Lents Park on a late spring evening: beautiful
We've written quite a bit lately about what a stinker the Paulson stadiums deal is from a Portland taxpayer's financial point of view. What we haven't said too much about is how the proposal shapes up from a non-monetary perspective. And so on the way home from the mechanic today, we took a little detour by Lents Park, site of the proposed new minor league baseball stadium, to see what was going on there. It turns out, there was quite a bit.
Although it was dinner hour when we arrived, there were hundreds of everyday people of all ages, and a few dogs, taking advantage of the park. Pickup basketball was in full effect. The playing fields looked great. We saw one Little League game, and another Little League practice, in progress. Over in Walker Stadium, on the east side of the park, Gresham and Reynolds were going at it in what was not shaping up as a pitchers' duel. The concession stand was open for business. The parents and coaches of the players were urging them on, the way elders do. The electric scoreboard was functioning fine.
Contrary to what Dwight Jaynes will tell you, Lents Park is not a rundown place full of crime and discarded hypodermic needles. And contrary to what Cora Potter will tell you, Walker Stadium is not a condemned wreck. There are some wooden bleachers that need replacement behind home plate, and I'm sure there are some other deferred maintenance items courtesy of the Portland parks bureau. But on the first and third base sides are nice, fairly new aluminum stands that are holding up extremely well. Overall, the stadium is quite good for what it is. And for just a fraction of the tens of millions that are being earmarked for minor league sports, it could be polished into a real gem.
One nice feature of the stadium is a row of mature trees that curves around just outside the length of the outfield fence. Now, there's a signature feature of a Portland park -- an aesthetically pleasing, green touch, far beyond the ordinary. It was planned, built, and maintained with care, for everyone to enjoy. Those were the days.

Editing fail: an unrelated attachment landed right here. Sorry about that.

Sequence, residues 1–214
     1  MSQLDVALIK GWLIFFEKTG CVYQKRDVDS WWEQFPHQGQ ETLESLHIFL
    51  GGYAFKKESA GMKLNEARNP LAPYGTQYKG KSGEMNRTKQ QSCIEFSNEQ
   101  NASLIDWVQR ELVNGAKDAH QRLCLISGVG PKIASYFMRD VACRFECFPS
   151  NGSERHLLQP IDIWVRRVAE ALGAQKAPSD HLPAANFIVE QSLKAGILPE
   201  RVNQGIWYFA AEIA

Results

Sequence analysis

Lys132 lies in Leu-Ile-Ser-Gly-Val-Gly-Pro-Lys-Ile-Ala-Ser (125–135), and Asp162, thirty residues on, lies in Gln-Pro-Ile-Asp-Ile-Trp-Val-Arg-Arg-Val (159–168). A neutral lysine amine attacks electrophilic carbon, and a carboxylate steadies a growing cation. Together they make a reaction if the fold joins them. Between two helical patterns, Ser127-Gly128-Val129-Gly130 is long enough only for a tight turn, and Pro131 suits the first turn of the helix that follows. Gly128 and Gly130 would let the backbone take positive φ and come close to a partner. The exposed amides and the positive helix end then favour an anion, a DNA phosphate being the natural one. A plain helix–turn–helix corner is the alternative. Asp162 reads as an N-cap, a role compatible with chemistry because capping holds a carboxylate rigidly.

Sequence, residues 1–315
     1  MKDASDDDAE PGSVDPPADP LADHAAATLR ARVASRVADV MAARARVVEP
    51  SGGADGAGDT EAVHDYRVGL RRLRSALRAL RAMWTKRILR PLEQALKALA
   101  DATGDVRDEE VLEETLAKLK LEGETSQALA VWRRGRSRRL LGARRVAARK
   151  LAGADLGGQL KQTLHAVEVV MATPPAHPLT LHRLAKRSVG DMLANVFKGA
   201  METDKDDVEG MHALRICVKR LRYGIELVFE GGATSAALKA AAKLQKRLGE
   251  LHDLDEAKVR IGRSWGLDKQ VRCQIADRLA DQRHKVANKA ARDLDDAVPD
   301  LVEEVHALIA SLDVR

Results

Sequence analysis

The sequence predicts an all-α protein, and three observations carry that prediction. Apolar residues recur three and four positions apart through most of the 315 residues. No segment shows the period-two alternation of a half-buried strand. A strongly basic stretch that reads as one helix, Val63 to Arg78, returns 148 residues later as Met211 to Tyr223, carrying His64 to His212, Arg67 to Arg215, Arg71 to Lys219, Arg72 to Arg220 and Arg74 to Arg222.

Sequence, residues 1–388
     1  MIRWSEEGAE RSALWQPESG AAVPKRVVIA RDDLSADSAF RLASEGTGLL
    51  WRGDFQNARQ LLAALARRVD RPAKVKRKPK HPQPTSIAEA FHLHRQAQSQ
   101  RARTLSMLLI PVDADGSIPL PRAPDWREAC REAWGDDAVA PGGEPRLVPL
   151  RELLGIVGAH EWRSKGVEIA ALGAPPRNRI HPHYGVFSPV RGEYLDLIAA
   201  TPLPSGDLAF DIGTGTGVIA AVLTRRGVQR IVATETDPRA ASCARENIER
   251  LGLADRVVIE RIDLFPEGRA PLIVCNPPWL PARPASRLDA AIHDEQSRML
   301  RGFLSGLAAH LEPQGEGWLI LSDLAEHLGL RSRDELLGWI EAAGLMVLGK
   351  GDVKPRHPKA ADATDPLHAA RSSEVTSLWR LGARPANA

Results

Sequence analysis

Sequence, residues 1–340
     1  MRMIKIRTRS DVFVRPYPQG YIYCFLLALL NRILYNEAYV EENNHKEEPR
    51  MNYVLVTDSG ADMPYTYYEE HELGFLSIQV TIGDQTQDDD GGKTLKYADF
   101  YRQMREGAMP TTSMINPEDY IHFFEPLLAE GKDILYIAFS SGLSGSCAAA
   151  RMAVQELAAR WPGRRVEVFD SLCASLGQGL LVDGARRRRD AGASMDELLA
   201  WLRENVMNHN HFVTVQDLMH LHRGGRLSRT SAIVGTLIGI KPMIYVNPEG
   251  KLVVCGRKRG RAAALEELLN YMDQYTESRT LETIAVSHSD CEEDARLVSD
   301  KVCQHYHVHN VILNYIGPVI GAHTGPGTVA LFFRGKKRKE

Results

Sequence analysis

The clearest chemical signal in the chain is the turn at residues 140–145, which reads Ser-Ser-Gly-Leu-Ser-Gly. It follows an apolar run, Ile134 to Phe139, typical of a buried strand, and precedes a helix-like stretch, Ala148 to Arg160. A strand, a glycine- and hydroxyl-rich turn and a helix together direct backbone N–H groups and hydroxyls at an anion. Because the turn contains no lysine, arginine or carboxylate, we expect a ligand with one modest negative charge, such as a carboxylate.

To rip out those trees, Walker Stadium, and a goodly portion of this park; to replace them with a glaring, loud professional minor league baseball stadium, with a large parking lot; to do so at breathtaking public expense and at the behest of some rich guy Republican who just moved in from New York (to Lake Oswego) -- well, that's a real sacrilege. It goes against all the progressivity and livability that Portland supposedly stands for. To bring in thousands of outsiders and their cars to Lents Park for the bright lights and unavoidable noise of Thursday drunken beer nights with the Beavers is an insult not only to the regular Janes and Joes who use the park, but to every Portlander.
That we're even talking about this is a sorry reflection on our city.
Somebody commented on this blog today that when the county deeded over the Lents Park land to the city nearly a century ago, it was on the condition that the property be used only as a public park. We can't imagine that a high-impact, patently commercial facility such as the new Beavers stadium -- with for-profit alcohol sales on top of everything else -- could be shoe-horned into what the drafters of that condition meant by a public park. The people behind that land donation are probably rolling over in their graves right now. Let's hope the safeguards they put in place are strong enough to fight off the Bush people and their money.